The U.S. senators floated a bill Thursday boosting copyright and trademark protection, legislation that would allow the attorney general to prosecute civil cases of infringement and one that allows for the forfeiture of hardware used to infringe.
The measure, much of which mirrors a similar bill the House passed last year, doubles penalties and the statutory damages in trademark counterfeiting cases to a range of $1,000 to $200,000 for use of a counterfeit mark, and to $2,000,000 for willful use of a counterfeit mark.
Most important, the measure, like the House version, creates an executive-level Intellectual Property Enforcement Coordinator, which would require Senate confirmation. The executive and its office would be charged with creating a nationwide plan to combat piracy and "report directly to the president and Congress regarding domestic international intellectual property enforcement programs."
The bill (.pdf) encourages federal-state anti-piracy task forces, the training of other countries about IP enforcement and, among other things, institutes an FBI piracy unit.
A host of intellectual property rights groups applauded the bill. Public Knowledge, a non-profit digital rights group, said it went too far.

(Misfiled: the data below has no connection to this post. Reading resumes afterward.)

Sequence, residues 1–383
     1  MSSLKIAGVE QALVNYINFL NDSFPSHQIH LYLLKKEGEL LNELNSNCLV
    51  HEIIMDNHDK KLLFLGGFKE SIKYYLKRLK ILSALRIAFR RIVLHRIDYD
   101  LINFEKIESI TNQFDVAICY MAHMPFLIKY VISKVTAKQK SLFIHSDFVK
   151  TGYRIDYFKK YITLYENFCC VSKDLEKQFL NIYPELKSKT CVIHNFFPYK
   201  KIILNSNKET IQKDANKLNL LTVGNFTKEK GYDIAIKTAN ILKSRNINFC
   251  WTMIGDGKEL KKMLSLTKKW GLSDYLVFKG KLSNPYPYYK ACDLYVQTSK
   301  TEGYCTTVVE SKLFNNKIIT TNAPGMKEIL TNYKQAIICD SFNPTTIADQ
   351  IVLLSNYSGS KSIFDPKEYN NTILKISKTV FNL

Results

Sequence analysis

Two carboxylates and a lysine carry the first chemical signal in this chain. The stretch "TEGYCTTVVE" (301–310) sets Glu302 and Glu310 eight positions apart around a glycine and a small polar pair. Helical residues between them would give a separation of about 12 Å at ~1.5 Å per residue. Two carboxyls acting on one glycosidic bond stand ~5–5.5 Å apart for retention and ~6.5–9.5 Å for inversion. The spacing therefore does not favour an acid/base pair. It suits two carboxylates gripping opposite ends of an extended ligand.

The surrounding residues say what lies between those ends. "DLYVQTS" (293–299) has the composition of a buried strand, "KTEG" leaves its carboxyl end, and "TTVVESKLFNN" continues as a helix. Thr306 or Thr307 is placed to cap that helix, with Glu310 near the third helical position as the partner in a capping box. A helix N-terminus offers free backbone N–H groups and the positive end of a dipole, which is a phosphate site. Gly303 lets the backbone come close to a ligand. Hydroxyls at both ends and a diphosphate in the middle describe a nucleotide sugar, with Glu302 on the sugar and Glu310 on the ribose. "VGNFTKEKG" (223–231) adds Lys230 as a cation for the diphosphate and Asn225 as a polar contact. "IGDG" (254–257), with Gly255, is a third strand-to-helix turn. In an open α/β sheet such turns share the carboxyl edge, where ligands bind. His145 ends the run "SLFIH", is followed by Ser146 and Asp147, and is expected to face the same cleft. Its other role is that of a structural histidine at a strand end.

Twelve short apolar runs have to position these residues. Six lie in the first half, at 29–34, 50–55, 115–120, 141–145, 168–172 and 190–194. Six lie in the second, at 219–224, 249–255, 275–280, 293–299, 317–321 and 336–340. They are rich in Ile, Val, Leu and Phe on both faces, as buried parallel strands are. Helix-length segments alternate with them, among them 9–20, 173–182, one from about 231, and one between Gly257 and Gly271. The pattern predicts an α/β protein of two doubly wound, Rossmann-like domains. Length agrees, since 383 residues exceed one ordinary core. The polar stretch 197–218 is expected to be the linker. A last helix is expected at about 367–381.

"This bill would turn the Justice Department into an arm of the legal departments of the entertainment companies by authorizing DOJ to file civil lawsuits for infringement, forcing taxpayers to foot the bill," said Gigi Sohn, President of Public Knowledge.
The music and motion picture industries have sued thousands of individuals for copyright infringement. It's too early to say how the measure, if approved by Congress, would work in practice.
"Better coordination and stronger enforcement of intellectual property laws at home and abroad will have a positive impact not only on the music industry, but on the overall US economy, encouraging growth, job creation and trade," said David Israelite, CEO of the National Music Publishers' Association.
Senate Judiciary Committee Chairman Patrick Leahy, a Democrat from Vermont, was among the main backers of the bill. He said the legislation -- which also allows for the confiscation of property "derived from any proceeds" gained from infringement -- was necessary.
"The time has come to bolster the Federal effort to protect this most valuable and vulnerable property, to give law enforcement the resources and the tools it needs to combat piracy and counterfeiting, and to make sure that the many agencies that deal with intellectual property enforcement have the opportunity and the incentive to talk with each other, to coordinate their efforts, and to achieve the maximum effects for their efforts. This bill does just that," he said.
The bill also has a global reach. It charges the new Copyright Czar to "identify and give priority to those countries where programs of training and technical assistance can be carried out most effectively and with the greatest benefit to reducing counterfeit and pirated products in the United States market."
Comment: And the power of the National Government grows...